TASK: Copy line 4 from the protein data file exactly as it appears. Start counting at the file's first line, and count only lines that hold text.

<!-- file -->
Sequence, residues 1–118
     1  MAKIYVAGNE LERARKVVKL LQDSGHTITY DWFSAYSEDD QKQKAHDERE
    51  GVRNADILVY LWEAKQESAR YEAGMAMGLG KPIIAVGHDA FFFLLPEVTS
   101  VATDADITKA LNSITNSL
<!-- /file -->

   101  VATDADITKA LNSITNSL